mda

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mda especially when the Realtek 2.5GbE has been a proven performer for at least a year or so now, and Intel's 2.5GbE has a potentially severe performance bug that is going to require new silicon to fix. Considering how long Intel sat on that 2.5GbE NIC, their proven track record of delivering good NICs, and how feature-sparse it is (vs other Intel NICs), this sort of issue is surprising.

I actually had no idea about Intel's problems with the 2.5gbps NIC. Used to think Intel networking was bulletproof heh.

I'm thinking about getting the Tomahawk since 2.5GB would be a 'nice to have' in the future. The board really ticks quite a few boxes.
 
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ZzBloopzZ

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Wow, had no idea about the Intel NIC's. Thanks so much. In all honesty, over the years have had Realtek and Intel Gbit NIC's and never any issues that I could tell.
 

Dopamin3

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If you can wait just a little longer the MSI X570 Tomahawk is REALLY amazing at it's ~$200 intended retail price.


 

polonyc2

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I'm torn between the Gigabyte X570 Aorus Elite vs MSI X570 Tomahawk...I know the Tomahawk has the better VRM's but since I'm not going to be doing any crazy overclocking is the Aorus Elite the better buy?
 

mda

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There have been random issues with Gigabyte's X570 line, I've seen it on the Master (there's a topic on this forum) with a small population having issues on the Elite, Pros, and Ultras. Haven't heard anything on the Xtremes and the ITX. To be fair to the other GB X570 boards, I haven't heard of recent issues with the other non Master boards either. Most were immediately after the X570 launch, which was to be expected on any new platform launch anyway.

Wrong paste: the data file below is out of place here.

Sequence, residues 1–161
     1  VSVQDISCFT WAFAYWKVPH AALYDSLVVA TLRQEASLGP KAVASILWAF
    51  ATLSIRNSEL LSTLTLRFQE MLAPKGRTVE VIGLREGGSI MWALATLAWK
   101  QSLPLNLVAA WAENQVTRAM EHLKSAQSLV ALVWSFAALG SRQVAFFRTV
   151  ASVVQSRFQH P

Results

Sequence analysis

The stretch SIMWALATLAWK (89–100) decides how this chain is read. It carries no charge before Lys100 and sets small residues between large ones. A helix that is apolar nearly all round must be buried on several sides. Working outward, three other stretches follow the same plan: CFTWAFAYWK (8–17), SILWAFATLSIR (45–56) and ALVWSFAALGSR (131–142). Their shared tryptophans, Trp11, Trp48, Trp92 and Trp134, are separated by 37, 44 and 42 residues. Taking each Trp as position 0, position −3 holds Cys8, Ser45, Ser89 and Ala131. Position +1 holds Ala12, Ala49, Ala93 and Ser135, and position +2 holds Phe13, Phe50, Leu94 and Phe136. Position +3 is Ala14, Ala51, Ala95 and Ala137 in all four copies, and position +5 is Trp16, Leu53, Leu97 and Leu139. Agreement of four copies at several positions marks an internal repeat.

I'll guess the reason why you won't hear much feedback on the X570 Tomahawk is because it's late to the party, anyone who wanted an X570 board would have it already, or have bought the B550, and the Tomahawk X570's sales figure is probably too small for enough vocal complainers to pop up.

Bottom line is, the Elite offers good value. The Tomahawk does too if you have use for its featureset above what the Elite offers (2.5GB and Wifi6 in particular)
 

polonyc2

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I'll guess the reason why you won't hear much feedback on the X570 Tomahawk is because it's late to the party, anyone who wanted an X570 board would have it already, or have bought the B550, and the Tomahawk X570's sales figure is probably too small for enough vocal complainers to pop up.

even thought it arrived later, the X570 Tomahawk is getting excellent reviews...it also goes out of stock almost immediately so it seems it's very popular as well